WARNIG: DISTRESSING CONTENT
Harrowing footage shows the moment a worker at one of Britain's biggest turkey farms was secretly filmed killing two birds by crushing their necks with pliers.
Animal welfare group Viva! conducted a three-month investigation at Gravel Farm in Westbury-on-Severn, Gloucestershire.
The group claims its footage – taken between September and November – shows a worker dislocating the necks of two turkeys with a “neck crushing device”.
After crushing their necks, both birds appear to flap around in distress for several minutes.
A spokesperson from Viva! told Yahoo News that the birds in the footage were sick or injured but were killed in an “unnecessarily cruel” way.
Gravel Farm provided turkey meat to Avara Foods, which supplies Sainsbury's, but the supermarket giant has now stopped using the farm, a spokesperson told Yahoo News.
Red Tractor – the UK’s largest food standards scheme – was “shocked” by the use of the devices, which it deems “extremely cruel”.
The investigation has prompted Red Tractor to drop the turkey farm from the list of suppliers allowed to display their logo.
A spokesperson told Yahoo News: “The farms’ membership from our scheme has been terminated.
“High animal welfare standards are a top priority, and we take any breaches to these very seriously. We have reported Gravel Farm to the Animal and Plant Health Agency to investigate whether any legal action should be taken.”
Dr Alice Brough, a veterinary consultant who watched the video, said: “What we see in this footage is incredibly disturbing and shows a categorical disregard for animal welfare.”
Lex Rigby, Viva! campaigns manager, said: "We are absolutely thrilled by Red Tractor's decision to drop Gravel Farm.
"Our team witnessed appalling conditions, documenting the systematic abuse of farmed turkeys, whose shorts lives are filled with nothing but misery and pain.
"While some birds were ruthlessly killed with barbaric neck crushing devices others were left to die slow, agonising deaths from their injuries – all for the sake of Christmas dinner.
An RSPCA spokeswoman told Yahoo news: “The use of ‘killing pliers’ is not something we agree with as we believe they are ineffective and inhumane. However, mechanical devices are legally permitted for killing birds weighing less than 5kg.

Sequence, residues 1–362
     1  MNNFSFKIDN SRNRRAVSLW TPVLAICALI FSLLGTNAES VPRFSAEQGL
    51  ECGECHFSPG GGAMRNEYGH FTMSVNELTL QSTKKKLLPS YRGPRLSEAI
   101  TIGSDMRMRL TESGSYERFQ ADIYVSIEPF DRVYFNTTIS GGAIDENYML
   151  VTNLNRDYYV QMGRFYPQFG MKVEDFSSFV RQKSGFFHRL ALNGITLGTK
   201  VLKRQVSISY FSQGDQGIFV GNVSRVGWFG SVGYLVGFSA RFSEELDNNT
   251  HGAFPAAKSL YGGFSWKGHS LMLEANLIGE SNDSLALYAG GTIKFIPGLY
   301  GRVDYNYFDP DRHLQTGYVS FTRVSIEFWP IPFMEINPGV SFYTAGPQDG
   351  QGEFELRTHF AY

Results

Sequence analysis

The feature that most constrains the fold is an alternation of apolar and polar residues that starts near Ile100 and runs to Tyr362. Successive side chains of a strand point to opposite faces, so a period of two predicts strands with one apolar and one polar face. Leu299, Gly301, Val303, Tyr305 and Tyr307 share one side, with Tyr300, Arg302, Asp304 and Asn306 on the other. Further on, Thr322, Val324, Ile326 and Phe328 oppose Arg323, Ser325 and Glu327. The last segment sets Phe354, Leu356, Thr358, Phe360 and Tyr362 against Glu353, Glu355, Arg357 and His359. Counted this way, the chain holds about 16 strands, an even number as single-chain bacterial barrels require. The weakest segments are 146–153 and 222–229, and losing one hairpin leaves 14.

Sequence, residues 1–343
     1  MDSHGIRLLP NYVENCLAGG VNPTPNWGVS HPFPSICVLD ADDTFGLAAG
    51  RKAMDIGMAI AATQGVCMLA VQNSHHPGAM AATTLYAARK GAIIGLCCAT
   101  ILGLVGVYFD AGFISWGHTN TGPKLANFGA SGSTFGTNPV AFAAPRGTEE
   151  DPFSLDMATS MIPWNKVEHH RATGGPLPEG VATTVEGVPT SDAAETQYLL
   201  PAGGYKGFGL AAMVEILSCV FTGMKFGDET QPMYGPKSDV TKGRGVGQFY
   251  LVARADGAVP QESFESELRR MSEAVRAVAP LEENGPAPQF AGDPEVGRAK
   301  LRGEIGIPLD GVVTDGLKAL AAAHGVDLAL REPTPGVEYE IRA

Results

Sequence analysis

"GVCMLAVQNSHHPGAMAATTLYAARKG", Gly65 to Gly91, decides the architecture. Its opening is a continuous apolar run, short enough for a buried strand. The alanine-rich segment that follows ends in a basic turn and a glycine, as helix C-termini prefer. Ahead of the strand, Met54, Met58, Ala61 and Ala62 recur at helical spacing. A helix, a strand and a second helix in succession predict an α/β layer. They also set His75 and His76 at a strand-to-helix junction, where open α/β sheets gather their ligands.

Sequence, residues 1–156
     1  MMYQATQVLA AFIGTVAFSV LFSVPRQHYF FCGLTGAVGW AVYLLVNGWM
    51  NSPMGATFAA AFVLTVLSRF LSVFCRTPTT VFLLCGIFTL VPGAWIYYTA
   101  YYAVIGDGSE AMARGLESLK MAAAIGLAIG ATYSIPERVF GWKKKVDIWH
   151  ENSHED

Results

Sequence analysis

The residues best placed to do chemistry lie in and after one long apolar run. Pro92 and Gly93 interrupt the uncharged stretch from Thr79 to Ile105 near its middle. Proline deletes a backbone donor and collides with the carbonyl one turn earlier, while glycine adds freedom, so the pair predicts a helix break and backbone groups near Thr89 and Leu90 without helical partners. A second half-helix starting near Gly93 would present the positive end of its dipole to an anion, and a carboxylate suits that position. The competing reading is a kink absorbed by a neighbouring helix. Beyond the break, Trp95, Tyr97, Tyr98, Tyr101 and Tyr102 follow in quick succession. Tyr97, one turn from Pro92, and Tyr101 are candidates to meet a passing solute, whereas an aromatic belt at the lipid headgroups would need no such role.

“We understand Trading Standards and Animal Health were also contacted about these concerns and as the appropriate investigating body, we hope they will look into this as a matter of urgency.”
Other harrowing parts of the footage show turkeys with open, bloodied wounds packed into filthy pens on concrete covered in faeces.
Viva! claims dying birds at the farm were found with untreated bloody wounds, causes by other distressed birds pecking out their feathers.
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Dr Brough said: “We see extensive evidence of disease, pain and suffering on this unit. Feather pecking and cannibalism is widespread, and in some cases severe with raw open wounds, extreme swelling and bruising.
“This is despite the fact that the birds have been subjected to beak trimming mutilations in an attempt to curb this behaviour – a behaviour that stems from environmental conditions failing to meet the basic needs of the animal, indicative of poor welfare.”
A spokesman for Avara Foods said: "We have high standards for bird welfare, and on initial review of the footage, we believe there are aspects that fall short and are unacceptable.
"We will continue to conduct a thorough investigation into all practices on this farm and take appropriate action as necessary."
Sainsbury's and Gravel Farm have been contacted for comment.
Elisa Allen, director of People for the Ethical Treatment of Animals (Peta), told Yahoo News the footage was “truly awful”.
“Investigation after investigation of British farms has revealed the same thing: miserable, dying animals who are treated like inanimate objects, not living, feeling beings deserving of compassion,” she said.
“Peta urges anyone whose heart breaks and stomach turns at the sight of this footage to go cold turkey this Christmas – and opt for a stuffed-seitan roast, a hearty nut roast, or one of the many other delicious, healthy vegan options readily available that don't cost an animal his or her life.”